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Radio Unnameable, the new documentary by Paul Lovelace and Jessica Wolfson, explores the career of Bob Fass, the legendary DJ who pioneered late-night radio in the 1960s. Fass, whose radio show still airs every week, participated in and helped organize some of the most famous moments in 1960s counterculture, including the demonstrations at the 1968 Democratic National Convention in Chicago. The film, which combines never-before-seen amateur footage, original interviews, and choice selections from Fass’s archives, finally tells a story that desperately needed to be told.

In 1963, Fass created “Radio Unnameable,” his radio show that reflected the rapidly shifting atmosphere of New York City in the 1960s. The show which was free form and unscripted, frequently featured spacey remixes of records, and allowed several night owls to call in to chat all at once about whatever topic struck Fass’s fancy at the moment. It wasn’t perfect (try envisioning a 10 person public conference call at 3 a.m. on a Tuesday night in 1967) — but perfection wasn’t the point. Fass was taking radio to where it had never gone before, and doing so in a completely ingratiating way.

“The thing about Bob’s show that strikes me is the kind of bungled human element to it,” musician Jeffrey Lewis told me over the phone. Lewis, who has appeared on Fass’s show several times, provided music for the film. “Bob is not some kind of expert at what he does. He’s always accidentally hanging up on people, or you’ll play guitar and it’s not coming through [in the mix]. He’s sort of charmingly unconcerned with perfectionism, and that has a certain appeal. There are no other radios shows that I’ve done that are so charmingly careless.”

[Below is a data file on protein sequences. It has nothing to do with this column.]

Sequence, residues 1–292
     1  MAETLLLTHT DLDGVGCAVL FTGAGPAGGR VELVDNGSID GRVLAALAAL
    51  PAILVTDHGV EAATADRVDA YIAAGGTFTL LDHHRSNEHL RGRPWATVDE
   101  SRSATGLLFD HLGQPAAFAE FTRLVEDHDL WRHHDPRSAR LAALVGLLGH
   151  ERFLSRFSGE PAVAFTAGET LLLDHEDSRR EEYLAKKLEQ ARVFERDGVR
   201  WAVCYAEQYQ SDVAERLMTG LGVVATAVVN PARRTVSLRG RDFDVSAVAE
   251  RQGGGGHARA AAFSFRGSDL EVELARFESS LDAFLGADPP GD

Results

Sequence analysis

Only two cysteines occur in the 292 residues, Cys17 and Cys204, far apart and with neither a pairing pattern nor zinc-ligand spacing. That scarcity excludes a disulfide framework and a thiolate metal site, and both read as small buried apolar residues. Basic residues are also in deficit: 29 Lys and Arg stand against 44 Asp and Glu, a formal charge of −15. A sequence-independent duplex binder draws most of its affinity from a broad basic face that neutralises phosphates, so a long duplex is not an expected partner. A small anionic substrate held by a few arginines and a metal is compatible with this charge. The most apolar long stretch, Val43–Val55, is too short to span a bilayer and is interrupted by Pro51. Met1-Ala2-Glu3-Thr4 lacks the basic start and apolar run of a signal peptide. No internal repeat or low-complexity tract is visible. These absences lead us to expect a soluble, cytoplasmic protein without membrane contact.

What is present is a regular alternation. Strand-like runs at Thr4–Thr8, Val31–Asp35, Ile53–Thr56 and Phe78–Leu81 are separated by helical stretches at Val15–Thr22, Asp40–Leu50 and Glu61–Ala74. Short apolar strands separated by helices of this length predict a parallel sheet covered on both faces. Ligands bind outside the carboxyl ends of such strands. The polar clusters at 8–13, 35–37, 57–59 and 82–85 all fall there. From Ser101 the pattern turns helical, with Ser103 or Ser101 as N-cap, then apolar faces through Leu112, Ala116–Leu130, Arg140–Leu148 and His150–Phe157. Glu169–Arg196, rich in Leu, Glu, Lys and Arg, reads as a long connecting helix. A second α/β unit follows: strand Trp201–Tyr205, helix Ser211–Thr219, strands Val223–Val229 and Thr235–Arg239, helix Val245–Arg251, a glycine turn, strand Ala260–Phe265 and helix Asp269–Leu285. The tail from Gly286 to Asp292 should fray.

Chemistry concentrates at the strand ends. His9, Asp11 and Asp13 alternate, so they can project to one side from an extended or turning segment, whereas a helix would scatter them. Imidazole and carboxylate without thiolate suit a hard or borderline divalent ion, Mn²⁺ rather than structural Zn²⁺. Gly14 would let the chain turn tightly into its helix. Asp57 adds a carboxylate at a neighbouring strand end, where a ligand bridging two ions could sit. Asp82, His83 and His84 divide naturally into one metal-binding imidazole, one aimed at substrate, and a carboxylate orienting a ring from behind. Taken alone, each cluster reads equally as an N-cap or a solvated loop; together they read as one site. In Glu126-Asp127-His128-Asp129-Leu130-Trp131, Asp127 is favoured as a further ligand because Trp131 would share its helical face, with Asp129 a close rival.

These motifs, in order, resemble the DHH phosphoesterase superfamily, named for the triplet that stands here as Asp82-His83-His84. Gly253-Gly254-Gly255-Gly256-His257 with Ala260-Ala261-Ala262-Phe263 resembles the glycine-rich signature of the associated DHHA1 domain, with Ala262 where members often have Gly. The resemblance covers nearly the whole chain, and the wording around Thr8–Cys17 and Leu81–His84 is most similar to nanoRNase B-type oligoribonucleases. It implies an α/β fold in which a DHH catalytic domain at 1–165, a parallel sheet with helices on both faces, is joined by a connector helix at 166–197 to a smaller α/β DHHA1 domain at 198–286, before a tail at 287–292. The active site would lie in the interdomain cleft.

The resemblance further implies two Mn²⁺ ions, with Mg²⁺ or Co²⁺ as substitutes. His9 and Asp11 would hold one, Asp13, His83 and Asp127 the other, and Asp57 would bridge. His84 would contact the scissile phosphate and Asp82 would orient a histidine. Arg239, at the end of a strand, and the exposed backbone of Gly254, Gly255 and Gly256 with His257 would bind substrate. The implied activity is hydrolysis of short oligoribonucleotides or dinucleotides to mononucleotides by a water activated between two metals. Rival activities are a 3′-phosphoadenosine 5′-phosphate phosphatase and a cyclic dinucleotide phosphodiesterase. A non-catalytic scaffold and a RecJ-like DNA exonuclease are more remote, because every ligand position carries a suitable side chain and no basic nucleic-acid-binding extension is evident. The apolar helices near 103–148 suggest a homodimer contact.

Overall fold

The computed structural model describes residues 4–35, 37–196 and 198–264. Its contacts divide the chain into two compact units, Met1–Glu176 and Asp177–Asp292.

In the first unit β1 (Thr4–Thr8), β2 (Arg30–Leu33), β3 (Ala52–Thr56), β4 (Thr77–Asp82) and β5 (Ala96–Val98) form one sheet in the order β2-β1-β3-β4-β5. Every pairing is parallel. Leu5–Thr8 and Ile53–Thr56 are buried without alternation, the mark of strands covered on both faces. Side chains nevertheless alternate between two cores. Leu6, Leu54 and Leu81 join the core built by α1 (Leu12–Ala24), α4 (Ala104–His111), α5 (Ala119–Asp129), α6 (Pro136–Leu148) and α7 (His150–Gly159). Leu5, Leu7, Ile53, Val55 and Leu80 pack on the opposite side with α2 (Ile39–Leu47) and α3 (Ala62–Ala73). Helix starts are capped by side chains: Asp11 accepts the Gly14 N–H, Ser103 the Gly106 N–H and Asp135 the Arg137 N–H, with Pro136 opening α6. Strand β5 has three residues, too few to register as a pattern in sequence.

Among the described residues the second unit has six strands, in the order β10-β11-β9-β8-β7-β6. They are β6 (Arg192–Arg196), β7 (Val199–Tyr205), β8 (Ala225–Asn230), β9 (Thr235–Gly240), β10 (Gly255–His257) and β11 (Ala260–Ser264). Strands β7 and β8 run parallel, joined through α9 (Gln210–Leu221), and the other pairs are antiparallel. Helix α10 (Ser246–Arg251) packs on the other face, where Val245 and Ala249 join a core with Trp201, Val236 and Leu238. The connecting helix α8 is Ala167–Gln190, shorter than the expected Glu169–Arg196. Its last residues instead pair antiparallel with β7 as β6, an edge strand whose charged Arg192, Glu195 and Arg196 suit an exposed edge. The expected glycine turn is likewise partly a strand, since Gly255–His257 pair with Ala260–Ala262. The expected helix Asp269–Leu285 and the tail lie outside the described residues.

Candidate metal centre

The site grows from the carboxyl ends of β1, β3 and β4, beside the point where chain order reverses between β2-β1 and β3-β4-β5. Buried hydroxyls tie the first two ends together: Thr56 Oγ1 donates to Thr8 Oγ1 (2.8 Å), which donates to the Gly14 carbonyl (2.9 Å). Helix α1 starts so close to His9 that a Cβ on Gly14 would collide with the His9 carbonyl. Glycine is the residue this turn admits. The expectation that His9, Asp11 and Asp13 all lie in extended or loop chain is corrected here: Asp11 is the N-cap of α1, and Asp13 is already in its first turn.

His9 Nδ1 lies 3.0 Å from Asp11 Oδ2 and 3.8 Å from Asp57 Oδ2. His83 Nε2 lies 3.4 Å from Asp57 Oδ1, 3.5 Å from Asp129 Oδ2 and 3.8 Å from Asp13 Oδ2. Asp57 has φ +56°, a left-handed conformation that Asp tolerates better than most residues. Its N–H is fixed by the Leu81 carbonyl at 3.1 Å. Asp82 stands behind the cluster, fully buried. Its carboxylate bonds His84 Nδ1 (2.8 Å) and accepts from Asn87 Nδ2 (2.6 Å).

The roster of his guests reads as a who’s who of the times: Allen Ginsberg, Bob Dylan, and Joni Mitchell were just a few of the celebrities who swung by unexpectedly. Arlo Guthrie premiered “Alice’s Restaurant” on the program. Abbie Hoffman and several other prominent Yippies often dropped in to drop out. It was with the Yippies that Fass organized a series of “happenings,” including the ill-fated “Yippie-In” at Grand Central Terminal that resulted in horrendous police brutality. Listeners of the show called in on payphones as the event unfolded, a phenomenon that one interviewee in the documentary likens to how news spreads on Twitter today. Fass was there throughout the madness, providing updates to his devoted fan base.

Eventually, the 1960s ended, and the-times-that-were a-changin’ became the much less radical 1970s. The political situation at WBAI became insane and for a number of reasons, Fass was dismissed from the station until the early 80s. However, Fass persevered and remains a relevant radio personality to this day. He still provides an outlet for New Yorkers up in the wee hours of the night. Most importantly, according to one of his listeners, Fass “fill[s] up an emptiness where you don't feel like you're alone." And that always has a place on the radio.

“Radio Unnameable” airs on WBAI from Midnight to 3am on Thursday nights/Friday mornings. You can stream the show through WBAI’s website, or New Yorkers can tune their dial to 99.5 FM. The film is currently being screened throughout the country.